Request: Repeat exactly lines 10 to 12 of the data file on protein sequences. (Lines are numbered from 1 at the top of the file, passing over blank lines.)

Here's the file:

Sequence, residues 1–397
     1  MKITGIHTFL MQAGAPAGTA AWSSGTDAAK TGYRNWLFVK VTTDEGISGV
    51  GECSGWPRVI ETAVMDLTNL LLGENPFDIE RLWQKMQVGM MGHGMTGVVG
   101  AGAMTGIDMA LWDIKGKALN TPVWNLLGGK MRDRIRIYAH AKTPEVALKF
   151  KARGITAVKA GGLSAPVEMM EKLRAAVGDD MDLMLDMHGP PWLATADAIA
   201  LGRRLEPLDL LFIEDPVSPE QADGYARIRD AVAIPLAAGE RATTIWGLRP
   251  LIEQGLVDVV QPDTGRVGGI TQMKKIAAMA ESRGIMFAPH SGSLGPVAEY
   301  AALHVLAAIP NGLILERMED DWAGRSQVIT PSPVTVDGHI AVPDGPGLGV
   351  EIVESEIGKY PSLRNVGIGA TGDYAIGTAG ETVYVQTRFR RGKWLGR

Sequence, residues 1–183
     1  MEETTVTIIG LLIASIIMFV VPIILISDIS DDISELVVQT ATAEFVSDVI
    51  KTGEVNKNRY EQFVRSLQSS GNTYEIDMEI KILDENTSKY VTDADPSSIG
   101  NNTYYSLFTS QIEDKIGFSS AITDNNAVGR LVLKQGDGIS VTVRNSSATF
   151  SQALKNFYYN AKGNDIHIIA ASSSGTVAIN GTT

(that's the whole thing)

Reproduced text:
Sequence, residues 1–183
     1  MEETTVTIIG LLIASIIMFV VPIILISDIS DDISELVVQT ATAEFVSDVI
    51  KTGEVNKNRY EQFVRSLQSS GNTYEIDMEI KILDENTSKY VTDADPSSIG